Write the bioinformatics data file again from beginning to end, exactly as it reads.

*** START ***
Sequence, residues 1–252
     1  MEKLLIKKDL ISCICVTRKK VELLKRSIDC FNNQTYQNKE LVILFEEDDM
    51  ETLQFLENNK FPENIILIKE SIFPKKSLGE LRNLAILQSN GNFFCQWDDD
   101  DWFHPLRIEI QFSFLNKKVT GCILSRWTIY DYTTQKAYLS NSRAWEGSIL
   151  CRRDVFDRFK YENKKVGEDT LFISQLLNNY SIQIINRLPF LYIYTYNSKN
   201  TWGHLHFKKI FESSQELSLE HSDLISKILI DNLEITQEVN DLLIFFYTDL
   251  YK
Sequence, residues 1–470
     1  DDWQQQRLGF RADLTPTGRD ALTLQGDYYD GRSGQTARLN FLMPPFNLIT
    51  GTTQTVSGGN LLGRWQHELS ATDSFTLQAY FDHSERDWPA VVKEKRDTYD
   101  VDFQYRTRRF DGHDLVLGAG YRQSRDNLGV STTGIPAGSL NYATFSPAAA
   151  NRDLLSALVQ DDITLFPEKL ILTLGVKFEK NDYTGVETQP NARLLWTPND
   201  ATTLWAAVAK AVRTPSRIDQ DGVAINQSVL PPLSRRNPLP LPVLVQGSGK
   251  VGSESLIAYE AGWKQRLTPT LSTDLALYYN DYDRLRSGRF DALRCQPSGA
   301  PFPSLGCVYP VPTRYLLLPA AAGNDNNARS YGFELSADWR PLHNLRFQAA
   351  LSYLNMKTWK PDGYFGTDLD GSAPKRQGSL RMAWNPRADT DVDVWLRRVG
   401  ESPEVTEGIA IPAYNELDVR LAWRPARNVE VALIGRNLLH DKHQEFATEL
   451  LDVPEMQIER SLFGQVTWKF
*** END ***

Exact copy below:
Sequence, residues 1–252
     1  MEKLLIKKDL ISCICVTRKK VELLKRSIDC FNNQTYQNKE LVILFEEDDM
    51  ETLQFLENNK FPENIILIKE SIFPKKSLGE LRNLAILQSN GNFFCQWDDD
   101  DWFHPLRIEI QFSFLNKKVT GCILSRWTIY DYTTQKAYLS NSRAWEGSIL
   151  CRRDVFDRFK YENKKVGEDT LFISQLLNNY SIQIINRLPF LYIYTYNSKN
   201  TWGHLHFKKI FESSQELSLE HSDLISKILI DNLEITQEVN DLLIFFYTDL
   251  YK
Sequence, residues 1–470
     1  DDWQQQRLGF RADLTPTGRD ALTLQGDYYD GRSGQTARLN FLMPPFNLIT
    51  GTTQTVSGGN LLGRWQHELS ATDSFTLQAY FDHSERDWPA VVKEKRDTYD
   101  VDFQYRTRRF DGHDLVLGAG YRQSRDNLGV STTGIPAGSL NYATFSPAAA
   151  NRDLLSALVQ DDITLFPEKL ILTLGVKFEK NDYTGVETQP NARLLWTPND
   201  ATTLWAAVAK AVRTPSRIDQ DGVAINQSVL PPLSRRNPLP LPVLVQGSGK
   251  VGSESLIAYE AGWKQRLTPT LSTDLALYYN DYDRLRSGRF DALRCQPSGA
   301  PFPSLGCVYP VPTRYLLLPA AAGNDNNARS YGFELSADWR PLHNLRFQAA
   351  LSYLNMKTWK PDGYFGTDLD GSAPKRQGSL RMAWNPRADT DVDVWLRRVG
   401  ESPEVTEGIA IPAYNELDVR LAWRPARNVE VALIGRNLLH DKHQEFATEL
   451  LDVPEMQIER SLFGQVTWKF